Empty Hands

We have all seen it in our classrooms. Those pesky kids who show up without any materials. No book, no pencil, no paper, and certainly no homework. So what do you do with those empty hands?

Empty Handed

My first year on the job this really got to me. As a classic overachiever, lover of school, I was not able to understand what was going on in their head! Did they think they wouldn’t need anything? At some point however, I acceptable the fact that these empty-handed students just hadn’t been thinking…and that it would be okay, as long as there was someone else around to think of what to do with them.

No Pencil: I lend you one, so you lend me something in return. I take shoes, money, keys, jewelry. Repeat it like a mantra. Shoes, money, keys, jewelry. These are things your student will not want to leave without, so they will remember to swap back with you at the end of the hour. I do not take jackets, hats, binders, or other textbooks. They will leave without these. If they do leave their money, then buy yourself a candy bar and enjoy!

No Paper: “Sure, here is a sheet of paper. Now, do I need to call your mom and let her know that you need paper or can you?” (They can.) “Also, you never get something free in life. To earn that paper, you can pick up 3 pieces of paper/ trash off my floor before you leave today.” Maybe it sounds grouchy, but I stress that idea of not getting something for nothing a lot in my class. Entitlement is an awful personality trait.

No Book: Go get it from your locker, and take a tardy. This is something you as the teacher can’t instantly solve. They need it, but there are consequences for being unprepared. In my school district, two tardies equal one absence. This helps out the 6-12 teachers, but I’m not as familiar with elementary schools. So readers, if you are the student’s only teacher, what other solutions can you offer?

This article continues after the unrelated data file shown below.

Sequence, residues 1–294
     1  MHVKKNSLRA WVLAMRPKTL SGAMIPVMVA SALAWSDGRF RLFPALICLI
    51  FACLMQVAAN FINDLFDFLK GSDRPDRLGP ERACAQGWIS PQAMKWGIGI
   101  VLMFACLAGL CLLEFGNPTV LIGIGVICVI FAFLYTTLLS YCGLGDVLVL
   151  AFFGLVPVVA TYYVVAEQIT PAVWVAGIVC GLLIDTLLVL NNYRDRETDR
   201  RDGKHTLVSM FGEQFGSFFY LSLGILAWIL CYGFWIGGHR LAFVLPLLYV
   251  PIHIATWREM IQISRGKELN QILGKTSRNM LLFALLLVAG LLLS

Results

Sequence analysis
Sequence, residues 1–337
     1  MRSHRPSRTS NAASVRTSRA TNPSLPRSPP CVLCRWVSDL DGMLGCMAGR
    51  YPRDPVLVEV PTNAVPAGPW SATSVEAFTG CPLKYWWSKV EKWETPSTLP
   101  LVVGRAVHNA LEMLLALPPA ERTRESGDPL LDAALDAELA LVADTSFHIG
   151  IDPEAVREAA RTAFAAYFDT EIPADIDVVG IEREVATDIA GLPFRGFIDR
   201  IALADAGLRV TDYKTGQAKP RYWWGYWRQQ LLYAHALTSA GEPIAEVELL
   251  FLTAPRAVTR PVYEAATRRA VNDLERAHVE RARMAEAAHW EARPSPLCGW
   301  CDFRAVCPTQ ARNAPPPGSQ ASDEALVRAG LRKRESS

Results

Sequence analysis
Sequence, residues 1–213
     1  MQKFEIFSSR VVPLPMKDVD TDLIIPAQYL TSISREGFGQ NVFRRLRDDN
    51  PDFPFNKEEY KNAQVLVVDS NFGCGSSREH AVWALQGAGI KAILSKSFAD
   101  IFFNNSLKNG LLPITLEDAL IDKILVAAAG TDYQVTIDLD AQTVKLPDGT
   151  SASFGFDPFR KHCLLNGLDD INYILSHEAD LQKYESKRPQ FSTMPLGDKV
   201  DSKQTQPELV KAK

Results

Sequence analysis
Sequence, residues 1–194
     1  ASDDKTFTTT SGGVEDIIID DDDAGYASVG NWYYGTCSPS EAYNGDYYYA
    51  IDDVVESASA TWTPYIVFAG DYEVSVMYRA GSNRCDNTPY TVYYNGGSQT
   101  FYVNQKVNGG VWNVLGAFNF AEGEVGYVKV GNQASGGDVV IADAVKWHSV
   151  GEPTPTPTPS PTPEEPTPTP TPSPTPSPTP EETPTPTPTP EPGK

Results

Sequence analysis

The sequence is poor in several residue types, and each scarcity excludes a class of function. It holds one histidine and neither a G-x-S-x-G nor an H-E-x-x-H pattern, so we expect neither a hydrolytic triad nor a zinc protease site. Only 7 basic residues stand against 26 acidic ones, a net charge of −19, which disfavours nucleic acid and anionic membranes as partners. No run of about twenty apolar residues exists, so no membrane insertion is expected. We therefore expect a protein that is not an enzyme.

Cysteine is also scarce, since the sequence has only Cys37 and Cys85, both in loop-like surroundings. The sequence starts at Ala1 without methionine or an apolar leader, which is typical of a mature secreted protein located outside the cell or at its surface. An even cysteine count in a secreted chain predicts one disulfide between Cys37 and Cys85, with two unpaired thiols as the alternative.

The pencil idea I learned from other, wiser co-workers and the solution for paper I created myself. Once again, pick and chose what you like and what will work for you. Ultimately, whatever you do in your classroom has to make you happy and hopefully avoids creating any resentful feelings to those who come with empty hands.

Advertisements

One response to this post.

  1. Posted by edthoughts on April 4, 2011 at 5:23 PM

    I like the payment for paper. No actual currency, the kid earns something, and you get a benefit from it as well.

    Reply

Leave a Reply

Fill in your details below or click an icon to log in:

WordPress.com Logo

You are commenting using your WordPress.com account. Log Out /  Change )

Google+ photo

You are commenting using your Google+ account. Log Out /  Change )

Twitter picture

You are commenting using your Twitter account. Log Out /  Change )

Facebook photo

You are commenting using your Facebook account. Log Out /  Change )

w

Connecting to %s

%d bloggers like this: